62° Good Afternoon
62° Good Afternoon

3 novels for tween and teen girls

Michelle Tea, author of

Michelle Tea, author of "Mermaid in Chelsea Creek" (McSweeney's McMullens, May 2013). Credit: Lydia Daniller

GRITTY MAGIC. Michelle Tea's "Mermaid in Chelsea Creek" (McSweeney's McMullens, $19.95, ages 12 and older) is a descendant of Harry Potter, although its children of urban blight make Harry and his friends seem as quaint as Dickens characters. Sophie Swankovski has grown up on the folklore of the Polish immigrants of Chelsea, Mass., in which craving salt is a sign of magical power. In the novel, hapless local girls are known to give their infants sodium poisoning in the misguided hope of revealing their superpowers.

Tea might have been inspired by interviews with young women for her 2004 anthology, "Pills, Thrills, Chills and Heartache," when she started on the characters in "Mermaid." Sophie's best friend, Ella, is germ-phobic and obsessed with food, "tripping out about what the animal on her plate might have eaten in life -- had it eaten poison? Bugs? Had it eaten the poop of other animals?" Ella scrubs her skin to wash away imagined filth, using household cleanser so strong she opens herself to real infection. Her aversion, however, does not extend to cigarettes -- a contradiction that Sophie points out to her constantly. Tea describes in fearsome detail the girls' attraction to playing "the passing out game": "the world of the dream state was so much nicer, prettier and more magical than the city they spent their days in."

Sophie begins to have visions of a mermaid during her passing-out sessions. There are increasing signs of the supernatural around her. When pigeons start speaking to her, Sophie learns that a magical world has been expecting her: She is the one destined to fulfill a prophecy, and it will be her mission to rescue humanity. Sophie's magical education begins in this first volume of a projected trilogy. So far, in Tea's appealing blend of magic and gritty reality, reality has a more powerful presence; perhaps that balance will shift as the series develops.


CELEBRITY FANDOM. Paul Rudnick's first young-adult book, "Gorgeous" (Scholastic, $18.99, ages 12 and older), isn't so much a novel as a hilarious extended riff on celebrity culture, a confection for anyone who guiltily pages through the gossip mags at the grocery checkout. Becky has grown up in a trailer in East Trawley, Mo., the affectionate daughter of an obese mother and avid consumer of fan magazines. Her horizons are narrow. When her mother dies, a mysterious clue leads her to the legendarily reclusive fashion designer Tom Kelly. Kelly promises to make her the most beautiful woman on Earth -- if she abides by his terms -- a feat he will accomplish by making her three dresses. A whirlwind transformation takes place, rocketing little Becky to life in the fast lane as Rebecca, the face that launched a thousand fits of envy.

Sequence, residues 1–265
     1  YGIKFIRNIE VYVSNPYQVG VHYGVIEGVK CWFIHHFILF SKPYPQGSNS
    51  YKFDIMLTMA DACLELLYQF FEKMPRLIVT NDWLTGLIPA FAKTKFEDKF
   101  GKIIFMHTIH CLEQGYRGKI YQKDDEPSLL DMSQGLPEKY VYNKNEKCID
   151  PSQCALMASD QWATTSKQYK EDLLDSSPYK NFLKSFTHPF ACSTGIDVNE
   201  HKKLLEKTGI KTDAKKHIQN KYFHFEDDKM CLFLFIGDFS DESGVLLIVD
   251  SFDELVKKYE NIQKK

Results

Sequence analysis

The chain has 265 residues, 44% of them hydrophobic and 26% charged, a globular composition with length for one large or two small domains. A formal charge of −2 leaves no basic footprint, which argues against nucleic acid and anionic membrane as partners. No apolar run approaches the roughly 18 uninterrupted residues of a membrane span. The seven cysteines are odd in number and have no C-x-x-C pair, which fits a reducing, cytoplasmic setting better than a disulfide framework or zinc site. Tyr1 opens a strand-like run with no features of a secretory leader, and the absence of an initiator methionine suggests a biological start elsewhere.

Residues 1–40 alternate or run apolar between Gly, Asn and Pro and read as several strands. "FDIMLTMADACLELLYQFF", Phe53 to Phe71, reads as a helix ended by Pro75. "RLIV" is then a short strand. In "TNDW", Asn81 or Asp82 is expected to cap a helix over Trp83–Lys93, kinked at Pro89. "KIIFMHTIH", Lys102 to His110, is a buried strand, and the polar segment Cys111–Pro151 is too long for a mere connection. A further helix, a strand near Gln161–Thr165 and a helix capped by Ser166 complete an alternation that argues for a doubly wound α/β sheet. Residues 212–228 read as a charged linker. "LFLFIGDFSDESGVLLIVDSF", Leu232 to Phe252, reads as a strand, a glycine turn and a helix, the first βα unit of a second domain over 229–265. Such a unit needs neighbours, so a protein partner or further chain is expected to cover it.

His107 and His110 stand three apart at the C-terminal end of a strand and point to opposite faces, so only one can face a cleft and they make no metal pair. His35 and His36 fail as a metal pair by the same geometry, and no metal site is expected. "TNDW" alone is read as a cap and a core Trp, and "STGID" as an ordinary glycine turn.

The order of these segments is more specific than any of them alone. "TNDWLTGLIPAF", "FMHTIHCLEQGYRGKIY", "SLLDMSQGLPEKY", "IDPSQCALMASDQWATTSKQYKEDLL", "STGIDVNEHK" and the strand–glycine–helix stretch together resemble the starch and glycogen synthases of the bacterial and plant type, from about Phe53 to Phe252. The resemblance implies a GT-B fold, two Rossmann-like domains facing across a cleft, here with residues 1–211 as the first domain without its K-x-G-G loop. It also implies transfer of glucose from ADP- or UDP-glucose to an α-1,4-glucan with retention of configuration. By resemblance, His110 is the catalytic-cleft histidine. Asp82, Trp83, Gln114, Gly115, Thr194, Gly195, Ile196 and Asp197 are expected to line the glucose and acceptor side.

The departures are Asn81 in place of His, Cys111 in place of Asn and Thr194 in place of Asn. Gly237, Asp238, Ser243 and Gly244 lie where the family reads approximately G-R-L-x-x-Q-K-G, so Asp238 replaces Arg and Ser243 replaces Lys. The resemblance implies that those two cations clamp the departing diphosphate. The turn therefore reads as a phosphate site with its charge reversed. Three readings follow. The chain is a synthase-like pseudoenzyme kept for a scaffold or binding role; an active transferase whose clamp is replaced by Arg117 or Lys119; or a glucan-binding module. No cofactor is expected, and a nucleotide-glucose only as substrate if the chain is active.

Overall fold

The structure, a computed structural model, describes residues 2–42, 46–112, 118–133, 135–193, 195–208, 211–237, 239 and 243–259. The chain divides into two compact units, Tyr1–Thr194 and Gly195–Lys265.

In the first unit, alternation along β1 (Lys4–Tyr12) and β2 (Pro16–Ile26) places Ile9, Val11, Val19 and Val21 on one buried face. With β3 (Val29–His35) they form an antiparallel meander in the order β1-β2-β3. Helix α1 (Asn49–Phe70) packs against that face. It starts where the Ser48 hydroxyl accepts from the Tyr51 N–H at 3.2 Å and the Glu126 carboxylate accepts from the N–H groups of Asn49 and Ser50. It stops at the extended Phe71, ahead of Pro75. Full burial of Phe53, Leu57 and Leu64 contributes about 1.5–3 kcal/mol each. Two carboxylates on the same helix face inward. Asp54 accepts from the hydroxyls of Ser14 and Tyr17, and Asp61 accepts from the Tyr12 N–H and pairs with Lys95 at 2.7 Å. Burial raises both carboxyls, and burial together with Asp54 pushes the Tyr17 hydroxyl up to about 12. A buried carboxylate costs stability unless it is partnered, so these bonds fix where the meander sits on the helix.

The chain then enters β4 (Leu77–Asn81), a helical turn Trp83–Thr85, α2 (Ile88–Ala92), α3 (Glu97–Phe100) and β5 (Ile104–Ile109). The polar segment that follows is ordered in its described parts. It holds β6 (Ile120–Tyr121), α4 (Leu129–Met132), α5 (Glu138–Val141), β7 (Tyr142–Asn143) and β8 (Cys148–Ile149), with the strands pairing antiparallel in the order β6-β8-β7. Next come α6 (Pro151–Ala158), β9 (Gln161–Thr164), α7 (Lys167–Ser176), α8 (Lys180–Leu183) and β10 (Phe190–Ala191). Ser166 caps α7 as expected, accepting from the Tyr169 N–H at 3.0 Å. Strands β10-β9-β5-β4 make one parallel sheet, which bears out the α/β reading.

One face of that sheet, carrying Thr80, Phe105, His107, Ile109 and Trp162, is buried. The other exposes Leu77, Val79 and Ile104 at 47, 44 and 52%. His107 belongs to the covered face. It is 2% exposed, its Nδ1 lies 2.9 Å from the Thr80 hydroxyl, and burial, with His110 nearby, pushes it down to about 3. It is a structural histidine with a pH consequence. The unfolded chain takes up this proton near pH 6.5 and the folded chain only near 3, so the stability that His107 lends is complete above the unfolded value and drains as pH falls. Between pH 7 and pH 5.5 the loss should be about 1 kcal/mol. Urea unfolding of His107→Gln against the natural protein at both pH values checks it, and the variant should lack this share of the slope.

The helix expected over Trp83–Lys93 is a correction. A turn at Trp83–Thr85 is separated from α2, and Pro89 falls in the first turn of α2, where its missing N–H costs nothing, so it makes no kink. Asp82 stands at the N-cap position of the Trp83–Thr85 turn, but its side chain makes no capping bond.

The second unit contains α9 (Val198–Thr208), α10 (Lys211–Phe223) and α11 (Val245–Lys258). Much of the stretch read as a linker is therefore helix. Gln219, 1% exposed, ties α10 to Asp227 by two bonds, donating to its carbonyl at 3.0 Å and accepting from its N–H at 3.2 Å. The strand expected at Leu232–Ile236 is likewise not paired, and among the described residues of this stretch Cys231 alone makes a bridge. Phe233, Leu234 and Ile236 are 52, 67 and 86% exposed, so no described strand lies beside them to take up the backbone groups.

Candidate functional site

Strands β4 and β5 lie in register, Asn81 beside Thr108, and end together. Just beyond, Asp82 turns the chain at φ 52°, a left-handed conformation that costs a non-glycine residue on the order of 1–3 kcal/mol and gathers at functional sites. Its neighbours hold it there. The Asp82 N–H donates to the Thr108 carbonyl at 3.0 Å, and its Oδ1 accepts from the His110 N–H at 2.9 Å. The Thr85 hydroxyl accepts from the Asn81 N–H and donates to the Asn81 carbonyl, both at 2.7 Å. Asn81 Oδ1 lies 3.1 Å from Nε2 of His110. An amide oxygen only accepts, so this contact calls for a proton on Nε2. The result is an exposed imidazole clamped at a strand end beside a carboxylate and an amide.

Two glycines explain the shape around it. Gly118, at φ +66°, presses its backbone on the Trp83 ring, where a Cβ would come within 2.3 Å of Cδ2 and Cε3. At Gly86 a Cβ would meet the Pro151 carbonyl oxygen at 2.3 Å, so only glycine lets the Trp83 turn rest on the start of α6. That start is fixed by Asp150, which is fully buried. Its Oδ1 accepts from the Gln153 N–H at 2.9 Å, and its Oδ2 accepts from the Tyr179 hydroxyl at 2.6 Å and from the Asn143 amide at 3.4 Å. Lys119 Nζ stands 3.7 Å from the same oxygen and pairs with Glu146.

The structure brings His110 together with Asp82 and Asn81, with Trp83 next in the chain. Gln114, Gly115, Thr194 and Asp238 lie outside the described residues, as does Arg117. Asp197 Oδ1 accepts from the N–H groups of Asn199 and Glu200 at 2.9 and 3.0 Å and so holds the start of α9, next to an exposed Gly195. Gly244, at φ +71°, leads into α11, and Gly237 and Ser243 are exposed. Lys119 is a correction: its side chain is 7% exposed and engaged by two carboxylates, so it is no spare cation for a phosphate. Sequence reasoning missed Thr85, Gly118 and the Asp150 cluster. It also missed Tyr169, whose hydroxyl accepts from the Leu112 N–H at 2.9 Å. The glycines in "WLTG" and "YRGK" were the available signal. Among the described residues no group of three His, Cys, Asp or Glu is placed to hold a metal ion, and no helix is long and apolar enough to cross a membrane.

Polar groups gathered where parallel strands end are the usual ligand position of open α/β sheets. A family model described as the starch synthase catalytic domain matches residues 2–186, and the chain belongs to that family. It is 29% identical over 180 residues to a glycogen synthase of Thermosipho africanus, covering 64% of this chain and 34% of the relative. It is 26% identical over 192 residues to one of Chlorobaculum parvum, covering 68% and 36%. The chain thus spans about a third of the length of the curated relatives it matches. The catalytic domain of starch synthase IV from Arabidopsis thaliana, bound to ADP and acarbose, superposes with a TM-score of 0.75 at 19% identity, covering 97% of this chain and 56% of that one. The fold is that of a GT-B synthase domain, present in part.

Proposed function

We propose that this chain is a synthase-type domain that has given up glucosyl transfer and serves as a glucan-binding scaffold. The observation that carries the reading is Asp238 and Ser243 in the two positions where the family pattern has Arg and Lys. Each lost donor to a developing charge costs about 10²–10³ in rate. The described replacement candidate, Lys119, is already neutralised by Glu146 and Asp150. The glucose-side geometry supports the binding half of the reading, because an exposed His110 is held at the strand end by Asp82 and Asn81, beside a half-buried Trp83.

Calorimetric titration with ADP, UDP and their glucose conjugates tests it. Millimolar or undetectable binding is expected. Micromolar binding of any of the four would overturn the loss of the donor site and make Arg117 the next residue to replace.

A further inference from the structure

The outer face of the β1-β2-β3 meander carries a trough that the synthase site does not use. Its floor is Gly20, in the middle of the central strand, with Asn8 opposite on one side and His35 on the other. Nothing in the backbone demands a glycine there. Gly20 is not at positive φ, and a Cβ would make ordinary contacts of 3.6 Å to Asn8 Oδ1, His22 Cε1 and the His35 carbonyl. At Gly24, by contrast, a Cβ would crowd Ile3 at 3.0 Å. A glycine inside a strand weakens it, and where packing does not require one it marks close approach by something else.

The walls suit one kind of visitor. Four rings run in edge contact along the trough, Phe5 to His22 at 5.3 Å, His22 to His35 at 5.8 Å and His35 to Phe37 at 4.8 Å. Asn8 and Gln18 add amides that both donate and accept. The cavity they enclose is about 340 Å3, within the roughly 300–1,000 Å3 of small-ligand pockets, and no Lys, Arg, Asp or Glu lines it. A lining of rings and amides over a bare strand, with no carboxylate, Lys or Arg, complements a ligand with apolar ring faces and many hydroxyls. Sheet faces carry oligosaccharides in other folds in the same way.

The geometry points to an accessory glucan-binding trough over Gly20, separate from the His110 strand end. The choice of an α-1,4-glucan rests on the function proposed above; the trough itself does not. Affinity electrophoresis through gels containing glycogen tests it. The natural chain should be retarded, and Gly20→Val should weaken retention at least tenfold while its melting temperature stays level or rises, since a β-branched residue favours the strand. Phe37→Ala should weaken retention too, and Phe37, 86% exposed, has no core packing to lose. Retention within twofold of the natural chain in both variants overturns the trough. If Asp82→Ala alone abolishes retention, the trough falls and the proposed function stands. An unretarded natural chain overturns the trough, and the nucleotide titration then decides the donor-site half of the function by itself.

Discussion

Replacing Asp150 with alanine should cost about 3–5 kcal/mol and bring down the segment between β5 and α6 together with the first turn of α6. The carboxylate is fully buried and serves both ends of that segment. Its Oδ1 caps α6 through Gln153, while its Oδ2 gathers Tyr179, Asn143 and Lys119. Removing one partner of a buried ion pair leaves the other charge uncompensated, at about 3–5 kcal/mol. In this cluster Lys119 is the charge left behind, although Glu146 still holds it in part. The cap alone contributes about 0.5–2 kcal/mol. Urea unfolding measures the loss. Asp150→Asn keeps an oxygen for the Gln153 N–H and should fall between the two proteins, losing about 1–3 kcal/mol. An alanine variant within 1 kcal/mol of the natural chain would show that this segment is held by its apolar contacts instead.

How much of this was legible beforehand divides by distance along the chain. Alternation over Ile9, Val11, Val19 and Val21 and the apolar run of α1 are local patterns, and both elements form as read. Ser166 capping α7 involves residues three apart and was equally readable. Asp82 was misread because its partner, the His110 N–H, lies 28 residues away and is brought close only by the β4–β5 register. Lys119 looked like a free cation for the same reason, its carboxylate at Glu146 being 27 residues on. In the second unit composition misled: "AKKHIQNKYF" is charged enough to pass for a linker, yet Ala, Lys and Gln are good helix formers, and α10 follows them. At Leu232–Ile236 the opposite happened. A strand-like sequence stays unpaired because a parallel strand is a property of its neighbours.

After many, many sumptuous descriptions of fabulous rooms and digs at the rich and famous -- surely your own favorite celebs will be lampooned here -- the story suddenly focuses, as aimless celebrity worship will do, under the gravitational pull of royalty. Rudnick so artfully reproduces the full-throated hunting cry of fandom that the reader can almost hear squeals and shrieks of "After him!" the moment a British prince enters the picture.

As a playwright and screenwriter, Rudnick excels at witty scene-writing. After fleeing her own wedding, thereby abandoning Rebecca status, Becky uses her intimate knowledge of the wealthy to become a supercompetent assistant concierge at an exclusive New York hotel. Inevitably, she finds herself professionally welcoming her old rival for the prince's affections, and Rudnick knows how to make the fur fly in a catfight.

It's all so much fun that the reader has to forgive the author his few bloviations about love. After all, how else could he have written his way through to the fairy-tale ending the fans deserve?


A GREEK LOVE TRIANGLE. Josephine Angelini brings her delicious "Starcrossed" trilogy to a conclusion with "Goddess" (HarperTeen, $17.99, ages 12 and older). Although this volume shows its "Twilight" bloodline more than the first two, it's still a very clever reworking of Greek mythology, taking as inspiration the way the gods interfered in human affairs in the battle at the gates of Troy. Our heroine, Helen, torn in well-established romance-novel fashion between two boys -- surely somewhere there are Team Lucas and Team Orion T-shirts? -- allows one to slip off to the least-likely lover imaginable. As poor Jacob in the "Twilight" series made clear, Romantic Guy #2 is always hard to get rid of. But it's got to be done; happy ménages à trois never go off into the sunset together.

More Entertainment